Professional anglers are another over-looked option. It is their profession to be out on the water and staying in touch with the fish. They also have a responsibility to share information and teach others how to fish. Any respectable pro will help you out the best that they can. The best bet is to look for the ones in the area you are looking to fish. Remember one thing however, when getting information from anyone, but more so with the pro’s, be honest about your questions and don’t misuse the information. An example of this is when we helped a guy with information he claimed was to take some new anglers fishing, only to find out he was fishing a tournament. So make sure you use the information that they give you for the purpose that you asked about. The one exception to asking a pro is guides. If they offer information it’s ok to take it but I would stay away from asking guides for ethical reasons. Their livelihood is made on taking people out fishing and teaching them how to catch fish. So if you want to go that route, hire them for the day. You will learn more about how to catch fish with a good guide in a day than you may in years on your own. So if you can afford it, it’s worth it. Again, don’t forget to say thanks when the information that you get from a pro is helpful. Every pro needs to provide their employers with reports showing that they are doing their job. So help them out with a picture and a thank you note after your successful trip.

Your local bait shop is another great place for information. When I am talking about local bait shops, I am talking about the ones run by fishermen and not just a gas station with some tackle. They know what, where and why the fish are biting. My son Peter and I stopped in for bait at one of our favorite shops the other day and left an hour later with some great information for a tough bite that we were experiencing. Like guides, you need to help out your local bait shops. When ever possible, buy what you can from them. It’s what it takes to keep them in business. There is a lot cheap stuff at box stores and online but none of it comes with the valuable information that your local bait shop can give. At the end of the day, whenever possible, stop back at the bait shop and share how your day went. The key to a good local bait shop is the relationship that anglers and owners have and the sharing of information. And again, don’t forget to say thank you!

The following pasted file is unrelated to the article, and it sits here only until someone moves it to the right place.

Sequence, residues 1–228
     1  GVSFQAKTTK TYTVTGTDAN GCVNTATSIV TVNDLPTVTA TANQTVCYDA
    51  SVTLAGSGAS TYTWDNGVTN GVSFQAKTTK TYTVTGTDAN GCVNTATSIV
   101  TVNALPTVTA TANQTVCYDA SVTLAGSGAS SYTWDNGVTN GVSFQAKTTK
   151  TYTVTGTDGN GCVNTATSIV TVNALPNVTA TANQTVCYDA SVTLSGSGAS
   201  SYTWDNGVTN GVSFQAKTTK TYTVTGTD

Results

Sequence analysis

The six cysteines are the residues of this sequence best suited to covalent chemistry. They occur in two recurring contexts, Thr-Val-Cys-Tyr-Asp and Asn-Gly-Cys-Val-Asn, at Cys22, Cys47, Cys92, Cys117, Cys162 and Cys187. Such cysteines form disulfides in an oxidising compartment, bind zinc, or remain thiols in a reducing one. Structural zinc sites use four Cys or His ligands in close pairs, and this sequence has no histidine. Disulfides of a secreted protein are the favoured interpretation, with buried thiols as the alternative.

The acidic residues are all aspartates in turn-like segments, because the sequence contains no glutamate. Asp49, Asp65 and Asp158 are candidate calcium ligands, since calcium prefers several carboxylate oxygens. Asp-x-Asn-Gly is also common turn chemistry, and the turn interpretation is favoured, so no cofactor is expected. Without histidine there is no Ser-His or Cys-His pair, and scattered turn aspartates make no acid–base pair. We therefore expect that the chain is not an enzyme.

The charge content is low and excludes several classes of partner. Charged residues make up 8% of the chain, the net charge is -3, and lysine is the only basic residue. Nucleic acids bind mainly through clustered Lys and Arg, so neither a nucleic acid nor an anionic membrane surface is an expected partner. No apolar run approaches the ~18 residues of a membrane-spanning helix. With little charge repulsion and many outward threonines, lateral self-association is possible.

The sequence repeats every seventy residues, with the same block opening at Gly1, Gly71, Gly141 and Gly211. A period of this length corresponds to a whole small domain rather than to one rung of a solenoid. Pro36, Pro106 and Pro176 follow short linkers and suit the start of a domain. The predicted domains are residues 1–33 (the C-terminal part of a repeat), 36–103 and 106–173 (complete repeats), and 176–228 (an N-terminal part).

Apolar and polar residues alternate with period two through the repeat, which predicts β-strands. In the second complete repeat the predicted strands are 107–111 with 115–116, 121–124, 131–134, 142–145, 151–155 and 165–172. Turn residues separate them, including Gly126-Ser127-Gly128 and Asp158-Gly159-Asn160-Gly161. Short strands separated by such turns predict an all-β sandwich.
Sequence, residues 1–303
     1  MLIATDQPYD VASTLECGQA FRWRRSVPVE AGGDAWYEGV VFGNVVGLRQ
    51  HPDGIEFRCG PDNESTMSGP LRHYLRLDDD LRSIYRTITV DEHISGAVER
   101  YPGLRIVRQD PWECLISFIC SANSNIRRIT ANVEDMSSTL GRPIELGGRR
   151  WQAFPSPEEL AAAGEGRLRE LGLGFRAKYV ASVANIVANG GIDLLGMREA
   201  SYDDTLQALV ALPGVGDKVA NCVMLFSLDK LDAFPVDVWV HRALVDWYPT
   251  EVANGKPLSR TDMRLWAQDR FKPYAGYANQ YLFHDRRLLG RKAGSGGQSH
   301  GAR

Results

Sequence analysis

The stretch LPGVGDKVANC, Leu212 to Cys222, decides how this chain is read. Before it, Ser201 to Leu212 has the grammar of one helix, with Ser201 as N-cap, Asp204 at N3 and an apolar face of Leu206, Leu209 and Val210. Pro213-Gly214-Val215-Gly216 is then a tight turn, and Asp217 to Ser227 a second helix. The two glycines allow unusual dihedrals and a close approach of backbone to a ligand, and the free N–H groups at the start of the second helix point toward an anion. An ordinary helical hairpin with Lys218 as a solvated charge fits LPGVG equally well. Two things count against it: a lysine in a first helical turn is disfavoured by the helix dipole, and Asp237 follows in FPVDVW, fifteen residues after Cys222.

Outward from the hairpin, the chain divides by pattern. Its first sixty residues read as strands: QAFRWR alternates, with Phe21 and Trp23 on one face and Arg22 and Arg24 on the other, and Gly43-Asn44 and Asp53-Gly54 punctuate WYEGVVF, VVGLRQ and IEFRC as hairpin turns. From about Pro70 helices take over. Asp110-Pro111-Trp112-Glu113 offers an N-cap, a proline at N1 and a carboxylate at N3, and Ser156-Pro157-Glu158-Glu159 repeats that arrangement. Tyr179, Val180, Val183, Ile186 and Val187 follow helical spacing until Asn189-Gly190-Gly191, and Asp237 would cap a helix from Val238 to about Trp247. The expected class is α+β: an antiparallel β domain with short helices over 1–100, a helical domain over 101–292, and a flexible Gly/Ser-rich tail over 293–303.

Finally, friends and family. Make sure you ask around with the people that you know. They may not have the insight you need, but most everyone knows someone who knows how to fish. The year after my first ice fishing experience, my dad asked around and his uncle invited us to go to a small perch lake some of the locals knew about. I got to experience three hours of one-fish-after-another. It may not have been a good thing for dad, because that was the day I got hooked on ice fishing. But it was a day we will never forget because it was a positive outdoor experience. That day happened because of dad asking around until someone helped out. So don’t give up if you don’t find the information on the first couple tries. 

There are some of you reading this article because you have no idea where to go fishing yourselves, much less take out someone else to catch fish. Some of you are getting the hang of fishing but aren’t confident taking others out. Finally, some of you have a hard time not catching fish wherever and whenever you go. Now that you have read this article, get to know each other.  There are a lot of people out there who want to learn to fish and are looking for someone to teach them how to fish. If you’re that person don’t be afraid to ask until you find help. If you know how to fish don’t wait to make them ask. Find them and help them out. It will leave ripples for generations to come.

Original Published in Midwest Outdoors September 2018